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Discussion Starter · #1 ·
I was smelling fuel past couple days in my newly acquired chevelle. Found dripping fuel at filter housing side of carb. Turns out last time someone changed filter cross threaded fitting into carb. Thus stripping threads in carb. Now i can't tighten and gas is poring out. Think i have a big problem. Not to happy right now
 

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They used to sell repair kits for those.
 

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Discussion Starter · #3 ·
I've never seen one but i will look into it thanks. If I can get this dried up think I may just put an inline filter and never fool with that again well as much as possible
 

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This is what I have done since 1970. New filter in the Q-Jet. The same DAY install a metal fuel filter at the tank. I change the filters at the tank. Because I am older than DIRT! I have learned to keep my fingers and wrenches away from the fuel line AND the filter in a Q-Jet.
WHY?....... After a few rounded off flair fittings and some stripped threads in the Q-Jet housing. Well to keep from using VERY bad language and wanting to kick your dog.
I would install a filter at the tank. A good METAL filter, NOT the pretty see through plastic or glass. Also a METAL line from the fuel pump to the Q-Jet.
PLEASE NO rubber hoses.:surprise:
Hey NOW,,,,,,, Do what you want, Its your car. The above idea has worked well for me for over 49 years with Q-Jets.:thumbsup:
Bob
 

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Boldly procrastrinating
66 El Camino 57 Chevy pickup 2004 Tahoe
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29,330 Posts
What Robin said.

Quadrajet parts can repair the inlet threads along with a couple other shops. It's an operation performed in a mill with a very large tap. The install a Heli-Coil which is hard steel and will last forever.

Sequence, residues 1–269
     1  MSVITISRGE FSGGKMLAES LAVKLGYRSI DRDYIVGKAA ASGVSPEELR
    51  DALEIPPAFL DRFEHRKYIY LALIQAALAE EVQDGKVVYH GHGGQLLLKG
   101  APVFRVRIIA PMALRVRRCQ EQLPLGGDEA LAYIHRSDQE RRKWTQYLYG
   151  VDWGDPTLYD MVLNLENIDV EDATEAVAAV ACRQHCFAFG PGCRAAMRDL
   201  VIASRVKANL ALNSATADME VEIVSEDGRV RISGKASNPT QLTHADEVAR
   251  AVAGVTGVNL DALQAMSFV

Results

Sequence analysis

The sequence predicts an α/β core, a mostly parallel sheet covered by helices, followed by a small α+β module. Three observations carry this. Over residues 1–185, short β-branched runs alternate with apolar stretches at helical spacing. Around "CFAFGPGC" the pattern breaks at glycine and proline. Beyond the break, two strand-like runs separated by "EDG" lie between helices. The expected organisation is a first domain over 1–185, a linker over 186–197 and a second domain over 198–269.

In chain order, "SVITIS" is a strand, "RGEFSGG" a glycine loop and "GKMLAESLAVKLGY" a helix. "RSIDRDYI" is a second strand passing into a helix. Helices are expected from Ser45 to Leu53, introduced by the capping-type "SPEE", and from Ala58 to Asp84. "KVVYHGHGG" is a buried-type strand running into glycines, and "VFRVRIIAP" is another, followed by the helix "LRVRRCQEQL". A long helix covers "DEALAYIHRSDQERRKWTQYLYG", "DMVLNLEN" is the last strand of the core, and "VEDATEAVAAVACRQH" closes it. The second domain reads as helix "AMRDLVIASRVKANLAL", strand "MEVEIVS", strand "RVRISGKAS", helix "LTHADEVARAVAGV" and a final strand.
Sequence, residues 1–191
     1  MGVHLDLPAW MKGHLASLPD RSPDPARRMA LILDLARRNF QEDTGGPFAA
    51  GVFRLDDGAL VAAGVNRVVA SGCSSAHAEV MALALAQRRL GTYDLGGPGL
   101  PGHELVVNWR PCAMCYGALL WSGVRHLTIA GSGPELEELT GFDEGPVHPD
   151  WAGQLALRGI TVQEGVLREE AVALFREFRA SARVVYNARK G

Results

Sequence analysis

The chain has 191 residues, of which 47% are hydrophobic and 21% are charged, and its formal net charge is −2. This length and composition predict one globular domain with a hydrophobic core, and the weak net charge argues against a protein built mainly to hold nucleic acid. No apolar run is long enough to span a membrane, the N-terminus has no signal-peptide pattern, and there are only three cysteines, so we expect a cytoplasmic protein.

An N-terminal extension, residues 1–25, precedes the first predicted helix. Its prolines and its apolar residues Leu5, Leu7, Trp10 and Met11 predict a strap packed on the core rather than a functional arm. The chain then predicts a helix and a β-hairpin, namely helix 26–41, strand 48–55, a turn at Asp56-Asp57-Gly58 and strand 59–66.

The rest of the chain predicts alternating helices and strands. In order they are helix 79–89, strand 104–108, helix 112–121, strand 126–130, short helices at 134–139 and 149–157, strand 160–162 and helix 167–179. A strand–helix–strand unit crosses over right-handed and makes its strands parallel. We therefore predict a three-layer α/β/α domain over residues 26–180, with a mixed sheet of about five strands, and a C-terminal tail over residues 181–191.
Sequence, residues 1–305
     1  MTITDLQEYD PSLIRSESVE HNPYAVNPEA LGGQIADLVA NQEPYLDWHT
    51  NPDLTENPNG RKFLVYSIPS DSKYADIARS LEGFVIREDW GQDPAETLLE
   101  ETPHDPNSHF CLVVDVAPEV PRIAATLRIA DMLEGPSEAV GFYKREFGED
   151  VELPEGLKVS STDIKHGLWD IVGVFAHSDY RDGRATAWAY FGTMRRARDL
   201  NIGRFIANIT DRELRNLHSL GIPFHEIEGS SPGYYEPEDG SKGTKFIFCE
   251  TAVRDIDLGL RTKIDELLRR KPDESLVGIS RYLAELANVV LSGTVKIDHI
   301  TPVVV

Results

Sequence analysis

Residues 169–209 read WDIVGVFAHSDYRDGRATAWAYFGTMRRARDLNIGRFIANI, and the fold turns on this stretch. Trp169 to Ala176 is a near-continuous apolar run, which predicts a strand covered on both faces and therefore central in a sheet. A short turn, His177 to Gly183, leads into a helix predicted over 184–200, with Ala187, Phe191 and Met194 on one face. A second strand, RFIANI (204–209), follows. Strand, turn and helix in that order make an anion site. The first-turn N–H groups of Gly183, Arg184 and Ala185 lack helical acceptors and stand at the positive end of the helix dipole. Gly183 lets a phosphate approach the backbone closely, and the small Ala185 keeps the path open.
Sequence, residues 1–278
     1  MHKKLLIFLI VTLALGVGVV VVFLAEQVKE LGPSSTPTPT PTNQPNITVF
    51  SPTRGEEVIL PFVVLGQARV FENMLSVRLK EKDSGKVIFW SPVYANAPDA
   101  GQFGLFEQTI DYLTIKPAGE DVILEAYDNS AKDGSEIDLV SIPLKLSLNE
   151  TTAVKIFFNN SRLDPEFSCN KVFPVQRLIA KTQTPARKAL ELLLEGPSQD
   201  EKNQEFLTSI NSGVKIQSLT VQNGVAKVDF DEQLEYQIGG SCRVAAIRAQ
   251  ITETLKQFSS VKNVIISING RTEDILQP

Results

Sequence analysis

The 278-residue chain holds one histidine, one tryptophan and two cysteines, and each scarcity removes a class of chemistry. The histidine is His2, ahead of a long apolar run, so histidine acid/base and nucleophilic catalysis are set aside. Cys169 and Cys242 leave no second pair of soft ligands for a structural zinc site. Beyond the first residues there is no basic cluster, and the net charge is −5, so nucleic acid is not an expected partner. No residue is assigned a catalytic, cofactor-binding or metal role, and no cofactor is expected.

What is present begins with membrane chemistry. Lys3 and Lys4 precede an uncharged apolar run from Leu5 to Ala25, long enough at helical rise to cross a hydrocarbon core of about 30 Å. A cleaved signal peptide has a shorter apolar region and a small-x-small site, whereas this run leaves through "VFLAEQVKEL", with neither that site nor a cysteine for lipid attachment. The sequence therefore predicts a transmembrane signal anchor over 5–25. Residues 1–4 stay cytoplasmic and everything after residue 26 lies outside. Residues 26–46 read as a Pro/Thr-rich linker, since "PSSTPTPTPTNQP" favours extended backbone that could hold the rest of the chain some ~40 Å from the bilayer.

The Carb Shop can also do this competently.

https://quadrajetparts.com/

The Carb Shop Rebuild Repair Restore
 

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Boldly procrastrinating
66 El Camino 57 Chevy pickup 2004 Tahoe
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29,330 Posts
warning. self-tapping fixit parts often end up crooked and leak. they also carve a LOT of metal out of the inlet and may ruin it permanently.

Pay your money and take your chances. I'd go to one of the shops listed, send them the whole carb and ask for a basic rebuild
 

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Boldly procrastrinating
66 El Camino 57 Chevy pickup 2004 Tahoe
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29,330 Posts
Sauce,

Please fill out your profile info so we can know you a little.

Is your carb the original? give us the year of your car and the number that's stamped vertically on the drivers side just above the secondary throttle shaft.
 

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Ok before I get totally slammed for this recommendation I need to make one thing clear. This is a very workable and low cost solution. Also my nickname a few years back was Carburetor Bill so bear with me. Rochesters love to strip out at the fuel inlet and when I was rebuilding carbs good spares were readily available and changing the main body was always my first choice to fix this problem. However if dollars really mattered and the customer couldn't afford that route or wanted to keep the carb # I would remove the filter and spring, coat the threads with Marinetex and lightly thread it back in. I would tell them to add a inline filter somewhere inconspicaple, This stuff can be tapped, is strong (10,000 PSI) is impervious to fuel and almost resistant to any chemical out there. Its great stuff and can fix almost anything and sticks to anything. Here is a thing a buddy of mine did up here with his 25 foot boat, he cracked a ring and scored his cylinder pretty bad but he had to get it running immediately. He filled the score and did a quick hone, put on a new ring and put it back together, The next season he took it apart to fix it correctly but the fill held so he said screw it and put the head back on. Ran it like that for two more years when he finally did a total rebuild. Sorry for the long post but its an interesting story, at least IMO.
 
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